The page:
Then a third of the people got low-dose (5 milligrams per day) Acomplia, a third got higher-dose (20 milligrams per day) Acomplia, and a third got placebo pills. A year later, half of those on Acomplia were switched to placebo pills for the second year of the study. Neither the participants nor the researchers knew which people got Acomplia and which got placebo until the pill codes were broken at the end of the study.
The bottom line:
· Those getting low-dose Acomplia lost more weight than those on placebo, but the difference was small.
· Those getting higher-dose Acomplia lost an average of 10.5 pounds more than those on placebo did.
· People who took higher-dose Acomplia didn't just lose weight, their waistlines shrank by an average of 2.4 inches; they had higher levels of good HDL cholesterol, and lower blood-fat levels. This is likely to lower risk of heart disease.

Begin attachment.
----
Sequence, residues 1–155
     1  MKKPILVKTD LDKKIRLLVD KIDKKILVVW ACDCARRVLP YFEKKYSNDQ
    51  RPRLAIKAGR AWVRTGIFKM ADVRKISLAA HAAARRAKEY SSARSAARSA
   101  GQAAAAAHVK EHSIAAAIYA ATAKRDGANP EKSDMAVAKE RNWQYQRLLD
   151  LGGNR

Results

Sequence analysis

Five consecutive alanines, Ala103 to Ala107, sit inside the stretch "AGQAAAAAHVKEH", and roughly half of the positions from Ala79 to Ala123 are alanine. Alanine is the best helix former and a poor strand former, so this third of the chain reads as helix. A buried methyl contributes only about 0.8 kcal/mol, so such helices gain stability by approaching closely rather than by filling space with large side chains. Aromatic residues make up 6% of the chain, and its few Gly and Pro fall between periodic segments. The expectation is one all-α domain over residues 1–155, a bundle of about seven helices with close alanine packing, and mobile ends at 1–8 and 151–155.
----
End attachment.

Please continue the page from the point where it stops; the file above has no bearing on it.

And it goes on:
· In the second year, people on higher-dose Acomplia did not lose more weight -- but they kept off the weight they'd lost.
· People who stopped taking Acomplia gained back the weight they had lost.
These findings are based on people who stayed in the study -- not those who dropped out. People taking Acomplia were no more or less likely to drop out of the study than those on placebo. And Pi-Sunyer, a veteran of many weight loss studies, says these studies always lose about a half of their participants -- usually people who had hoped to lose more weight than they did.
By failing to include those who stopped taking the drug, the study gives a rosier-than-real-life picture of Acomplia benefits, says Denise G. Simons-Morton, MD, PhD, director of the clinical applications and prevention program at the National Heart, Lung, and Blood Institute.